Dr George Iordachescu will present a paper at the Digital Ecologies Workshop taking place at the University of Cambridge on 29-30 March 2021. His presentation is titled ‘Untouched for the very first time: Digital virgin forests, gamification and cyberactivism on the Eastern European wilderness frontier’ and will take place on 29 March at 16:00-17:30.
Digital Ecologies seeks to foster critical conversations at the interface of more-than-human geographies, political ecologies, digital humanities and media studies to understand the varying ways in which nonhumans are digitized and for what purposes.
This paper will explore and theorize how virgin forests were turned into digital socio-political technologies for addressing environmental crises in eastern Europe. Untouched, vulnerable and scarce – digital virgin forests represent more than just drone images circulating on social media or screened by activists to policymakers in Brussels.
From Slovakia to Romania, the general public has been lured into the environmental campaigns over the last five years by multi-sensorial experiences involving 3D tours, VR technologies, a variety of sounds and hybrid cultural productions. From their homes’ comfort, nature lovers could get immersed in iconic virgin forests of various Carpathian regions and find out details about fungi and dead wood while listening to bird songs or mixing pre-recorded nature sounds. In many eastern European countries, smartphone apps offer a virtual environment where users feel empowered and in charge of monitoring and reporting illegal logging cases. By far the most popular web 2.0 app, the Forest Guardians offers citizens the possibility to save these forests, for free, at home or during lunch breaks. Once logged in, users participate in ‘investigations’ comparing satellite images from different periods, report disturbances, confirm or dismiss other users’ reports, upload pictures of logged areas or discuss legal issues on the forum.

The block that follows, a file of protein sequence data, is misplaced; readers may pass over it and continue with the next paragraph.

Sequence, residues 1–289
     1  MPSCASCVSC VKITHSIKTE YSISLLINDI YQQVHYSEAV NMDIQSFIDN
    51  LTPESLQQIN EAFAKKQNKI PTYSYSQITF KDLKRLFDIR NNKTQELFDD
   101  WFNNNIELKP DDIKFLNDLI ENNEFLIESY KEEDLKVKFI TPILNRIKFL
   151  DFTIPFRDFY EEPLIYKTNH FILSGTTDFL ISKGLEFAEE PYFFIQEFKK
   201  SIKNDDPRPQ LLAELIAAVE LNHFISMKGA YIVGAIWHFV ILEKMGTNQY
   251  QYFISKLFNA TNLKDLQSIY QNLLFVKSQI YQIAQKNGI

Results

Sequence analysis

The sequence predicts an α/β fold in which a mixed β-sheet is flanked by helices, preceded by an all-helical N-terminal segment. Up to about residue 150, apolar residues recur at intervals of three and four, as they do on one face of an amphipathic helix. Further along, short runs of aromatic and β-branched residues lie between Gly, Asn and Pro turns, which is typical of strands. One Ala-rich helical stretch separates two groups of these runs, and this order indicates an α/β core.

Charismatic ecosystems and an object of desire in several EU strategies for meeting climate and biodiversity targets, virgin forests are increasingly produced as an imagined ecology whose materiality remains unquestioned. This contribution will examine forms of encounter and engagement with digital virgin forests and critically assess their role in conservation.
The full conference program can be viewed here.